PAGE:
I listened to a recent podcast by The Film Photography Project that discussed FILM Ferrania & their Kickstarter project.  The goal was to start production of several film types.  When the podcast was over I quickly pledged to the project.  I was uncertain if the project would get fully funded, but I was hopeful.  Today, I got an email that my credit card had been debited and then saw in my email that it had been MORE than funded.  Outstanding.

So there you go.  First it's The Impossible Project and now FILM Ferrania.  Even though film may be a niche, it's a fun niche and #Filmisalive

Congrats to FILM Ferrania & to the contributors to their campaign.  All film enthusiast are winners.

Time To Get Processing

Looks like I've gotten behind.  I just sent 7 non-C41 rolls off The Darkroom and now I need to take these into Roberts Camera in Indianapolis.  Got myself backlogged.  Yikes

A combination of Fujicolor, Ilford & Kodak films.

Polaroid Goodness Compliments of FujiFilm & The Impossible Project

I did a recent commercial fashion shoot for an Indianapolis fashion boutique called LuckyB Boutique.  Of course I used digital.  However, while doing the shoot I whipped out my Polaroids.  This time I used my newly purchased Polaroid Silver Express (600 film) and a Polaroid ColorPack III Land camera.  For the ColorPack I used a package of FujiFilm FP-1000C & a flashcube.  For the Silver Express I used a pack of The Impossible Project's 600 Color.

It is always fun, and my young models had never seen a ColorPack camera.  Fun

FujiFilm FP-1000C with a GE Flashcube against a white wall

The Impossible Project 600 Color during hair & makeup

Sunday, October 26, 2014

What I'm Shooting - FujiFilm & Kodak

Just finished shooting a roll of Fujifilm Color 400 in FujiFilm Discovery 270 Zoom.   Had a few small issues with the camera, but overall pretty nice.  Blog post after I get the film back.

Next up is a Kodak Cameo Motor EX with a roll of Kodak BW400CN.  This looks like a fun little camera.  Very pocketable, & very few settings.  I'm taking the Cameo with me tomorrow for a commercial fashion shoot for behind the scenes photos.  Should be fun.

Saturday, October 25, 2014

One Alive & One Dead

One of the risks in buying old film cameras is that they don't always work. More often they work perfectly, but sometimes not so much. I have loads of film cameras (all formats) that work fine. however I have a few that are bricks. 

Case in point. I picked up at Goodwill today this super cool looking Polariod Silver Express for a couple $$$.  When I got home I loaded it with an empty instant film cartridge I had saved to test if the rollers & flash worked. They did!

I then tested the same cartridge on a Polaroid OneStep Closeup I bought about 2 weeks ago at Goodwill for less than $1. Nothing happened. Tried another empty cartridge with a strong battery, and the camera is bricked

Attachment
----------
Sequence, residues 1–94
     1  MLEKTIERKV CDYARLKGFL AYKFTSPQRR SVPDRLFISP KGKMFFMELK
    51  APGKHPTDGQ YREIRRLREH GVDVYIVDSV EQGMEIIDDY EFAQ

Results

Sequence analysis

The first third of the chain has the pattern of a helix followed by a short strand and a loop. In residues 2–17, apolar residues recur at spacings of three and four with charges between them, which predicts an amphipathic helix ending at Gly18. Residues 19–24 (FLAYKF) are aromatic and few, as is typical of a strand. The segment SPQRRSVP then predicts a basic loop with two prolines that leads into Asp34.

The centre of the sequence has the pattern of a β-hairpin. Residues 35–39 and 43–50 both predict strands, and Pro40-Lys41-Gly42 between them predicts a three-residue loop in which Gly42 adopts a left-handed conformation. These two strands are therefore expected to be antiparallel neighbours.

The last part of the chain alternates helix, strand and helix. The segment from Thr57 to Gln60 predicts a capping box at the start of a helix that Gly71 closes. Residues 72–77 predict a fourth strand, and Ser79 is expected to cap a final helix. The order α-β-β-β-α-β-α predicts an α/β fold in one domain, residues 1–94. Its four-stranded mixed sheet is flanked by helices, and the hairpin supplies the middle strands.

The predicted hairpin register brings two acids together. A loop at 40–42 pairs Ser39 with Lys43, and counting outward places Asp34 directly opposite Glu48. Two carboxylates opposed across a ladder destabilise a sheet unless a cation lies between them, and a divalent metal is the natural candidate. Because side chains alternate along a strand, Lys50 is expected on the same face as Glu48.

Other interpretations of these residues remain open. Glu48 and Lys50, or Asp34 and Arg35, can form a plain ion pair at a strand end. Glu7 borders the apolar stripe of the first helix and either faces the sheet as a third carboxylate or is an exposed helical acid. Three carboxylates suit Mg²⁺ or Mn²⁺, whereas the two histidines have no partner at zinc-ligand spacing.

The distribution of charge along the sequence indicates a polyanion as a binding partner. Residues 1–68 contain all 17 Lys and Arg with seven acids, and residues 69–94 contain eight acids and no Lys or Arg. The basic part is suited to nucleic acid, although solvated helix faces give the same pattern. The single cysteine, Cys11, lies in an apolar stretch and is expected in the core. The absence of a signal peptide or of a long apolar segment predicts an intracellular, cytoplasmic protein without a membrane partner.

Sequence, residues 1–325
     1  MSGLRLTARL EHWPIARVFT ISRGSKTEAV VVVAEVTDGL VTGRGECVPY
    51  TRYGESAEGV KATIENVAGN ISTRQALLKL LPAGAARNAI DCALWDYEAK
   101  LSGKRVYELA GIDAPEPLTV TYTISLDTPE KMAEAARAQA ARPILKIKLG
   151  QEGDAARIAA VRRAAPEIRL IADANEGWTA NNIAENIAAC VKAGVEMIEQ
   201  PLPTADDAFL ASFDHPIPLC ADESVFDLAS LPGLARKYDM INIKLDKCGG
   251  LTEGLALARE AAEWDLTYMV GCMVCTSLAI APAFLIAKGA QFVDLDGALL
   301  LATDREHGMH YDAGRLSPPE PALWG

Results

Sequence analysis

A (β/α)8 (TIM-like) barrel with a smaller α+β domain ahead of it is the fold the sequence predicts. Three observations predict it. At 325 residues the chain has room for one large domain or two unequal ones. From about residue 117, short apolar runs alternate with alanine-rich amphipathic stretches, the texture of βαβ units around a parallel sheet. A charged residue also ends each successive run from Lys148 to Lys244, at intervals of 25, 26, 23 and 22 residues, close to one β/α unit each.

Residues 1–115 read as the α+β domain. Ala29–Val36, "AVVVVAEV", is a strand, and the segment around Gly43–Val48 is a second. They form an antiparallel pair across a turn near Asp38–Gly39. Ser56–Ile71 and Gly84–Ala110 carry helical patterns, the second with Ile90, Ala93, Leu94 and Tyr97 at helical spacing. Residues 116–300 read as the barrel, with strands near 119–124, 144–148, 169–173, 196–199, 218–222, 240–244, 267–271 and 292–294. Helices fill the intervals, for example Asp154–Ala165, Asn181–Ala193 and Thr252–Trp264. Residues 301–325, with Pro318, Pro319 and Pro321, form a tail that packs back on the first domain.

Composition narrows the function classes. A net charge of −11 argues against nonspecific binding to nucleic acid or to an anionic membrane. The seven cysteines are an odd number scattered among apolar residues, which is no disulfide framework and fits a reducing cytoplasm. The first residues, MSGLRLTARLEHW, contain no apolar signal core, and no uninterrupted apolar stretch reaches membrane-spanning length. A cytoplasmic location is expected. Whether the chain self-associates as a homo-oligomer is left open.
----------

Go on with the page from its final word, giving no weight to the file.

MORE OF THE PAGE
Good thing I tested it before I put a new / full cartridge in it!!  The risk you take with old cameras. 

Monday, October 20, 2014

What I'm Reading - "Camera Crazy"

I enjoy books on photography including books on cameras.  Ashley, a friend of mine, sent a note that the above book, "Camera Crazy" written by Christopher D. Saylers & Buzz Poole was available at a local bookstore, Indy Reads.  Cool, I bought it.

A fun book with information and picture on loads of cameras and photos taken with the cameras.  Most of the book is dedicated to toy cameras, but there is also sections on instant photography & lomography.  I started reading it tonight.  I'm going to enjoy this one.

Tuesday, October 14, 2014

Fujifilm Discovery 270 Zoom - Ate My Film

Mean, mean Fujifilm - Ate My First Roll of Film

Another thrift store find was the Fujifilm Discovery 270 Zoom.  Looks like a fun little camera.  However, I loaded it with a roll of Kodak BW400CN as instructed.  I must have loaded it wrong because it immediately rolled the film into the can.  Great, one roll of film trashed.  I wanted to try the camera so I reloaded it with a roll of Fujifilm Superia X-TRA 400.  Lets try this again.

Saturday, October 11, 2014

Polaroid Big Shot

I went to the Goodwill Outlet the other day and found this super cool Polaroid Big Shot.  It's a single focal length instant camera.  Only takes 75 ASA film.  It was a dirty and grimy, but it was clean inside.  I bought it for about 25 cents.  Brought it home, cleaned it up and got it looking good.  Also, I also found an unopened box of Sylvania Flash Cubes.  Perfect, they go together.

Film is still made of the camera.  You can use Fujifilm FP-100C which is readily available.

Here's a YouTube video on the camera from The Film Photography Project.  Guess what, I'm going to use this camera during my upcoming model shoot for behind the scenes shots.

Friday, October 10, 2014

Photos I've Taken - Olympus XA Rangefinder

Photo in downtown Indianapolis from the 7th floor of a building.  Photographed with my Olympus XA point & shoot.  I wrote a blog post on this camera earlier.  Very simple to use and very pocketable.  Using a roll of Fujicolor 200.  Bright but overcast day.

Thursday, October 9, 2014

Stuck Shutter

I received this really good looking Canon Canonet G-III QL as a freebie last year. It's a very sweet rangefinder.  I ran a few rolls thru it & it's all good. However, just recently the shutter stuck. Unfortunately, I can't get it unstuck. I want to figure out how to get it fixed. I'm checking around. Stay tuned.

Wednesday, October 8, 2014

Photos I've Taken - Pentax IQZoom 130M

Photo with the Pentax IQZoom 130m using Kodak BW400CN film.  A simple point & shoot.  Just walking around the city.

Tuesday, October 7, 2014

Photos I've Taken - Paris In The Summer

I visited Paris in June for a photography workshop with host Valerie Jardin.  It was great.  A full week of non-stop 24/7 photography.  Not only did I spend most of my time going digital I also brought along my trusty Olympus XA.  Here's an earlier blog post about the XA.

A fun little camera.  Anyway I used both Kodak Portra 400, but also a few rolls of Ilford XP2 Super 400.  A few shots.  All images were scanned to disc instead of printing and then imported into Adobe Lightroom.  I really enjoy doing street photography with digital, during my Paris trip I took a Nikon D600 & a Sony Alpha A6000, but something about film for street photography is just....right.